Actually, No. Trumpism Did Not Replace Conservative Ideology
The former rose from the latter.
|John Stoehr||Dec 17, 2019|| 6||1|
You have noticed by now I’m not invested in any one Democratic candidate (though I have been quite vocal about who should be disqualified). I’m not invested, because my chief concern is beating the incumbent. I’m less concerned about nit-picking Joe Biden’s long and illiberal Senate record, Pete Buttigieg’s employment history at McKinsey & Co., or Elizabeth Warren’s less-than-perfect plan to bring health care to all. I’ve said it before. I’ll keep saying it. Just pick a Democrat. Any Democrat will do.
This open mindset makes space for all sorts of people, even those I’d rather not join forces with, as long as they desire Donald Trump’s defeat. The president is all kinds of horrible. He’s unpopular. He’s almost certainly a criminal in a fantasia of ways. But that doesn’t mean he can’t win. That doesn’t mean the anti-Trump coalition will operate on its own. We must do our part to maintain unity for the republic’s sake.
Rick Wilson, Steve Schmidt and George Conway were for Trumpism before they were against it.
For this reason, I welcome the announcement of the Lincoln Project, an effect “to highlight our country’s story and values, and its people’s sacrifices and obligations,” according to an op-ed in this morning’s Times. Founded by a group of widely known anti-Trump conservative figures, the Lincoln Project hopes to transcend “partisanship and is dedicated to nothing less than preservation of the principles that so many have fought for, on battlefields far from home and within their own communities.”
Coalitions are necessary for electoral victory, but coalitions are by nature fractious. Just because we’re on the same side at the same time doesn’t mean we can trust each other. The op-ed’s authors argue the president and “Trumpism” have replaced the conservatism of the party they once loved. “Trump and his enablers have abandoned conservatism and longstanding Republican principles and replaced it with Trumpism, an empty faith led by a bogus prophet.” They argue that national Republicans are doing more than just going along. “Their defense of him is imbued with an ugliness, a meanness and a willingness to attack and slander those who have shed blood for our country, who have dedicated their lives and careers to its defense and its security, and whose job is to preserve the nation’s status as a beacon of hope” (my italics).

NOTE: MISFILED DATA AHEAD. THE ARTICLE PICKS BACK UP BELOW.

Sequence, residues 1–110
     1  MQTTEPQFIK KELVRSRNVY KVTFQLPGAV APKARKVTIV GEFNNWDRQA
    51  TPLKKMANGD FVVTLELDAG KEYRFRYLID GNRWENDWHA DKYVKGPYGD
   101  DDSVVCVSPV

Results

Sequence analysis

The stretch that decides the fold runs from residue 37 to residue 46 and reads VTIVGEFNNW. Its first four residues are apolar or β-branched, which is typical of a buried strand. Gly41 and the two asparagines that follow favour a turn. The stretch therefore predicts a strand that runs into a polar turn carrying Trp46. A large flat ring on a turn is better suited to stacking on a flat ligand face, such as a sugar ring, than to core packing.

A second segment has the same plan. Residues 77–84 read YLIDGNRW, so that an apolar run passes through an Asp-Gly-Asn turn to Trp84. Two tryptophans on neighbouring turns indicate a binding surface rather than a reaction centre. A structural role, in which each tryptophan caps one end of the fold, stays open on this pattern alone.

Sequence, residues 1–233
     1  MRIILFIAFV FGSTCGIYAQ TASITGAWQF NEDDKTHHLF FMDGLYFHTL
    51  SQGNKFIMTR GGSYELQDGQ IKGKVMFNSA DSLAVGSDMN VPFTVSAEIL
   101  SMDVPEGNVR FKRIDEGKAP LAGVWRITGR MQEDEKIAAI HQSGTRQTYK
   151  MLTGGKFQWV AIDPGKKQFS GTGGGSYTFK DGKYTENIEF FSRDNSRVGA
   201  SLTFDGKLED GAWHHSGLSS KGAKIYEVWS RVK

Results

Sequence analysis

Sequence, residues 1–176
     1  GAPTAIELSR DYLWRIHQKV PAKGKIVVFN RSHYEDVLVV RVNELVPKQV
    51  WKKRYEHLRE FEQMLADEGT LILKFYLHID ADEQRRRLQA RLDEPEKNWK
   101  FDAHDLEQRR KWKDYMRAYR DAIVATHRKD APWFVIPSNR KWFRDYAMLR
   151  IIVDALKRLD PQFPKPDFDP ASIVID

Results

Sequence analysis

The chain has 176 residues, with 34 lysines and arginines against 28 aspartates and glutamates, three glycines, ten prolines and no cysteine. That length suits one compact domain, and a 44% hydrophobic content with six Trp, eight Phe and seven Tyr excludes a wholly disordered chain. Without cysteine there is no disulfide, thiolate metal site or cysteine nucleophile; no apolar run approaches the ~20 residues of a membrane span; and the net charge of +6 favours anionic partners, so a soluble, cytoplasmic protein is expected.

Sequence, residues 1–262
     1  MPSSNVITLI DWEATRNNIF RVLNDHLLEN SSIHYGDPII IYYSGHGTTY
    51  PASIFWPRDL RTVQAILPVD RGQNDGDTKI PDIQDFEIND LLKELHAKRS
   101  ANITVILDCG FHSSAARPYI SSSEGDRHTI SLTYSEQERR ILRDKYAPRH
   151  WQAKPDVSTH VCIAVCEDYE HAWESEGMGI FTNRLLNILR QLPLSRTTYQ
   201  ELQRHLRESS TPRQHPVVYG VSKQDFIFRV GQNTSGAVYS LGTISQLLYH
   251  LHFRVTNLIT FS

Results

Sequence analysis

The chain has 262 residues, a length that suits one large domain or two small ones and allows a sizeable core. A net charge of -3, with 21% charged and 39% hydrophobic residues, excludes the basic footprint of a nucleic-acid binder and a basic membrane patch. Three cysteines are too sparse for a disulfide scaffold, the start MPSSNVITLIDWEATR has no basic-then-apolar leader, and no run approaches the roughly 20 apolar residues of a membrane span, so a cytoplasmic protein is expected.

That’s rich, particularly from Rick Wilson, Steve Schmidt and George Conway.
Many of you know Wilson as the author of Everything Trump Touches Dies. Many of you enjoy his commentary for The Daily Beast. What many of you do not know is that Wilson was the chief strategist for Saxby Chambliss, a draft-dodging former US senator from Georgia who defeated a Democratic incumbent in 2002. Chambliss beat Max Cleland with ads suggesting the one-armed, no-legged Vietnam War combat veteran was insufficiently loyal to America due to disagreement with George W. Bush.
Many of you know Steve Schmidt for his analysis on cable news. Many of you even know he was the chief advisor for the late John McCain when he was the Republican nominee in 2008. What many do not remember, and I’m here to remind you, is that Schmidt introduced to mainstream America the first mainstream fascist. Sarah Palin, as you’ll recall, made ubiquitous the idea that there is a “real America” living under the tyrannical thumb of a not-real America, which is to say residents of this country who are insufficiently loyal but more likely treasonous because they are not Republicans.
The Republicans saw Democrats and Democratic voters as illegitimate Americans long before Trump.
Many of you know George Conway as the husband of White House propagandist Kellyanne Conway. Many of you know he’s a frequent critic of Trump. But many of you do not now, or have forgotten until now, that George Conway was the head attorney for Paula Jones, whose sexual harassment civil suit against Bill Clinton led to Special Counsel Ken Starr’s inquiry, which led to the first instance of impeachment being weaponized by the GOP against a president for the “crime” of being a Democrat.
The point here is that Trumpism did not replace conservatism. The former rose from the latter. The GOP saw Democrats as illegitimate Americans long before Trump. The GOP did not abandon its principles either. As I said, the principles animating Mitch McConnell and Lindsey Graham are the same ones that animated John Calhoun and George Wallace. The point here is that Wilson, Schmidt and Conway played a role in that rise. It’s hard not to laugh a little at their attempt to sound, um, liberal. The Republicans, they wrote, “daily undermine the proposition we as a people have a responsibility and an obligation to continually bend the arc of history toward justice.”
That said, we should welcome them. For now. We should welcome them even if they never repent for their sins. The president is terrible. We need an anti-Trump coalition. Sometimes you must unite with people you distrust in order to serve a greater goal.
And maybe they are repenting, in their own way.
After all, Lincoln was a liberal.